Posts Tagged automation
How Full Vehicle Automation affects Driving, Under the Influence of Alcohol and Without It
Posted by Tal Oron-Gilad in driving skills, full vehicle automation, News, simulator, Transportation & Safety on August 24, 2016
Yisrael Parmet, Lee Shoham and Tal Oron-Gilad
Presentation at the ICTTP 2016.
link to presentation: How full vehicle automation affects…
DESCRIPTION: The purpose of this study was to examine the effects of full vehicle automation on performance and behavior, specifically the transition from a fully automated mode to manual driving, under the influence of alcohol and without it. Previous studies have revealed a deterioration in driving performance while transitioning from an automated mode to manual driving and further suggested that automated driving may result in a degraded situation awareness. It was therefore hypothesized that the performance of secondary driving related tasks would deteriorate during the automated phase, while performance of secondary non-driving related tasks would improve, in comparison to manual driving. It was further hypothesized that the transition from automated to manual driving would damage driving performance and that alcohol, while affecting performance of all driving conditions, would affect the manual phase following the automated phase to a greater extent. Method. A fixed base driving simulator was used. The design contained a first manual phase, an automated phase and another manual phase, under the influence of BAC 0.05% alcohol and without it. The study involved 16 participants. Two type of secondary tasks were introduced to the participants, driving and non-driving related tasks and the precision (% of success) and response time (RT) were measured. Driving quality indices such as speed and lane position were measures along the drive as well. Results. In the nondriving related secondary task we found significant differences in the response time only, the response time under the placebo condition were on average 15% higher than the response time under the alcohol condition. In the driving related secondary task we found significant difference in both measures, the participants on average were 5% more accurate and 13% faster while they drove manually. The results of the driving quality indices indicate a deterioration in precision of driving related secondary tasks, and a decrease in driving velocity after an automated phase, the latter being moderated by alcohol, which causes an increase in driving velocity. Conclusion. As hypothesized the performance of secondary driving related tasks deteriorated during the automated phase but contrary to our hypothesis, the automation had no influence on the performance of the non-driving secondary task. Opposing to our hypothesis, we found no evidence that alcohol deteriorates the drivers’ performance in the two types of secondary tasks. The last results might be due to the low level of alcohol that was used in the experiment. As expected we found that driving quality decreases after automated phase and while performing secondary tasks.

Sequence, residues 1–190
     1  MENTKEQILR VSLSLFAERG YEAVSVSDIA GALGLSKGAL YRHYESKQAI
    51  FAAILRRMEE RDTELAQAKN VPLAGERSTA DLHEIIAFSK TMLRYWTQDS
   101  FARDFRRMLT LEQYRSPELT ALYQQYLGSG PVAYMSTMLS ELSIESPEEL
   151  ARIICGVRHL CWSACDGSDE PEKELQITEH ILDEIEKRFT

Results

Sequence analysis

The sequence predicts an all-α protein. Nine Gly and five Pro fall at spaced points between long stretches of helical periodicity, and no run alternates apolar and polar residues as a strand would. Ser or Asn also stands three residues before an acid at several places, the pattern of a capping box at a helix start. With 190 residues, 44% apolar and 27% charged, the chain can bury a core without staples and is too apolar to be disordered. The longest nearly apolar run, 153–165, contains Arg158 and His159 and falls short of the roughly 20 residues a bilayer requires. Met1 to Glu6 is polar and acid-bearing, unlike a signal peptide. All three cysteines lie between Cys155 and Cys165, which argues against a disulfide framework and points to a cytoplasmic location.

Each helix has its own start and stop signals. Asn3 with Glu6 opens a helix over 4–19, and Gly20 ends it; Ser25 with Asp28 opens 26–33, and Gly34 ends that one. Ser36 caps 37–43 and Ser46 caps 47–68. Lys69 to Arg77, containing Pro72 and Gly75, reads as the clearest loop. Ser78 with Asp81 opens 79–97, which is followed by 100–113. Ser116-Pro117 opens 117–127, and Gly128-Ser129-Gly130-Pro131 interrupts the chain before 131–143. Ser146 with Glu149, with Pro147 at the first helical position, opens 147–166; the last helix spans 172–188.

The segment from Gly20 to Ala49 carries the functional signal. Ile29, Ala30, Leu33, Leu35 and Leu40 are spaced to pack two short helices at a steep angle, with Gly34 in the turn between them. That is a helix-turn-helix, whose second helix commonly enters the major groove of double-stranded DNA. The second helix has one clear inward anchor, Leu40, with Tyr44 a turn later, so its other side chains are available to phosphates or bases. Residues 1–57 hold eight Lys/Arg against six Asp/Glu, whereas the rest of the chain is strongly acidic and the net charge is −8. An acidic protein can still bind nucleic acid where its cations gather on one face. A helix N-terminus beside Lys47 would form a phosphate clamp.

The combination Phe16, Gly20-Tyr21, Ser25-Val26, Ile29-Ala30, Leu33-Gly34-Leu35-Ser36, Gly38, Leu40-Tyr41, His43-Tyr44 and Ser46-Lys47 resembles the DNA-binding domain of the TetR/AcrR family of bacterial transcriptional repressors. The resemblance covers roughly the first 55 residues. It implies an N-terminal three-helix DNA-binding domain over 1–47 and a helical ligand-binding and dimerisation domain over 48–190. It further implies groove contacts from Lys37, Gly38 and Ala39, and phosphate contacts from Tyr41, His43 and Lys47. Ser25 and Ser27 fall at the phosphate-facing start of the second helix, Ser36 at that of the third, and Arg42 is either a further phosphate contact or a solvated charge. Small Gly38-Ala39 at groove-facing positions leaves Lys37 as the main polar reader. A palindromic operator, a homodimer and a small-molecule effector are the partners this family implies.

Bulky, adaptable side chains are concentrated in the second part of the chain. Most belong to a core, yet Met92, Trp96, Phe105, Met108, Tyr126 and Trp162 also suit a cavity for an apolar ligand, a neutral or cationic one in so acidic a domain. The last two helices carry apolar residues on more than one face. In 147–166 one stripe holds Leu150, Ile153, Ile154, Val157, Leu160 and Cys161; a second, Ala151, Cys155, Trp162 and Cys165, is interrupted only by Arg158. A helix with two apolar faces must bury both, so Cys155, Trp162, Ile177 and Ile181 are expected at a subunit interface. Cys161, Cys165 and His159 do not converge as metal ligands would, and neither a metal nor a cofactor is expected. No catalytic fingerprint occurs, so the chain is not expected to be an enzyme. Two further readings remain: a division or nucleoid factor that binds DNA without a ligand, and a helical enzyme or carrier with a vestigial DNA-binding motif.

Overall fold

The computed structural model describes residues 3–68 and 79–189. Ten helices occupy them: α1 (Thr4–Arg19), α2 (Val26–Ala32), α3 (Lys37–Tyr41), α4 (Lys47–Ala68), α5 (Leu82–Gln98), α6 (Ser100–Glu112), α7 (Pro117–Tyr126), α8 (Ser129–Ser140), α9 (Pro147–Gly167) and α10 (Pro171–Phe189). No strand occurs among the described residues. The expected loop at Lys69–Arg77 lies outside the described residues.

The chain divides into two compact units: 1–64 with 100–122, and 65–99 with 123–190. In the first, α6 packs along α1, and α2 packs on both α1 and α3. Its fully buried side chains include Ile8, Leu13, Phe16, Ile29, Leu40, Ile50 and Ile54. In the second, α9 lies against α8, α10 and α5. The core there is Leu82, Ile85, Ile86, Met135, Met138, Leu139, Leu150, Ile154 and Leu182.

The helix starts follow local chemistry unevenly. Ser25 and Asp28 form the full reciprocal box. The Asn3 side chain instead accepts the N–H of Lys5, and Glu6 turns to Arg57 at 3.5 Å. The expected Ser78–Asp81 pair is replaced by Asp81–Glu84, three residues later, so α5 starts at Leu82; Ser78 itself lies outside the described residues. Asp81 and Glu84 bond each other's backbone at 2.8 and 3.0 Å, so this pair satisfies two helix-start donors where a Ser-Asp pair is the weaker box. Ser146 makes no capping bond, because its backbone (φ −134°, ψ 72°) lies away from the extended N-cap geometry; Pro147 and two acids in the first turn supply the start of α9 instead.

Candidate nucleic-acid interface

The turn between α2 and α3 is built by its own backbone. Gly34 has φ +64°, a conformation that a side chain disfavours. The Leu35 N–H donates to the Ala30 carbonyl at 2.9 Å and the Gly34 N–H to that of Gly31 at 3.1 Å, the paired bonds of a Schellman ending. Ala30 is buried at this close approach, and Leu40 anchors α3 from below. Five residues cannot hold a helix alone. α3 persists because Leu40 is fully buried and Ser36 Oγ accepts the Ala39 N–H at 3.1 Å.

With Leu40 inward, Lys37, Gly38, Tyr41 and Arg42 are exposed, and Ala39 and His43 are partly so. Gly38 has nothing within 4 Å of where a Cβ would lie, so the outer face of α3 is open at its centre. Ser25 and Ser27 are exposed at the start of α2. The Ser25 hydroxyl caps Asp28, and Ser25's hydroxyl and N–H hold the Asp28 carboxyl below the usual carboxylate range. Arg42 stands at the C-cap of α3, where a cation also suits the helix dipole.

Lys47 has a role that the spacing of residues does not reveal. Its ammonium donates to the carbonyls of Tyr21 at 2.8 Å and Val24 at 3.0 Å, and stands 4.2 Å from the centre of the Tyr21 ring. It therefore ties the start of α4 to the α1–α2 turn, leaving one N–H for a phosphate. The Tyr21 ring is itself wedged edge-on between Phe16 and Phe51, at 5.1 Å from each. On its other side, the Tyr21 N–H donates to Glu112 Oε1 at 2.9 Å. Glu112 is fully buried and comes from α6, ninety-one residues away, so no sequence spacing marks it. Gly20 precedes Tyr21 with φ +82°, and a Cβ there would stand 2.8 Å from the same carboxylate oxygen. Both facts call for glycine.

Is Staying out of Bomb-Shelters a Human-Automation Interaction Issue?
Posted by Tal Oron-Gilad in Homeland security, News on August 14, 2016
Co-authored with Guy Cohen-Lazry, to appear in Technology in Society.
Is staying out of bomb-shelters a human-automation interaction issue?http://dx.doi.org/10.1016/j.techsoc.2016.08.002
“Iron-Dome” is an anti-rocket air defense system placed around major urban areas of Israel. It was created to provide citizens with greater deal of protection against hostile rocket attacks. A study was conducted to examine whether civilians’ experience with the “Iron-Dome” system affects people’s perceived reliability of it, their trust in it, and their complacency to hostile rocket alerts. During the 2014 Israel-Gaza conflict (operation “Protective Edge”), an online questionnaire was used to measure civilian respondents’ perceptions and actions. Results indicated that people living in geographical areas who had more experience with rocket attacks and thereby with the “Iron-Dome” system, perceived it as less reliable, had lower trust in it, and were less complacent. These results show that people’s interaction with the “Iron-Dome” corresponds to the common prediction of theoretical models of human-automation interaction. This understanding may assist in planning of implementation programs and guidance of civilians for other mass protection systems in the future.
Key words: Iron-Dome, Complacency, Trust in automation, Experience, Rocket defense system.